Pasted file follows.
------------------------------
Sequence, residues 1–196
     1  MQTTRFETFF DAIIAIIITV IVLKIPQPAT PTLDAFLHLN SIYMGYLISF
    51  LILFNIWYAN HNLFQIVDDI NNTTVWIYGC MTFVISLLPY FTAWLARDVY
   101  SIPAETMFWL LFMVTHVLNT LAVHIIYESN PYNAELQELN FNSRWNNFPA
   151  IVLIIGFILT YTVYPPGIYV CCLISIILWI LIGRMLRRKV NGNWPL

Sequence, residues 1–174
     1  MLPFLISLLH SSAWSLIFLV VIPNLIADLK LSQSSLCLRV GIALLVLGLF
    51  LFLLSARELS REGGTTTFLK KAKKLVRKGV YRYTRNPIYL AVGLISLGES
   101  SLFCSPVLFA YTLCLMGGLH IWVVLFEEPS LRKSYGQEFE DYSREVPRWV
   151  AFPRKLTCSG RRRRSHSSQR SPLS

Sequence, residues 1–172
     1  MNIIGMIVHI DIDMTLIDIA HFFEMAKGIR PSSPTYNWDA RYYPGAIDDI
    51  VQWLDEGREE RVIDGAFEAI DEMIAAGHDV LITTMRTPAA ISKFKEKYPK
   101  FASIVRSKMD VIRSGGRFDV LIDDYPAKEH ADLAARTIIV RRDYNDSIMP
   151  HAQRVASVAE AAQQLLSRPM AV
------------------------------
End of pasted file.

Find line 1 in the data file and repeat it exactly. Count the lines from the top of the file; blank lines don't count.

Sequence, residues 1–196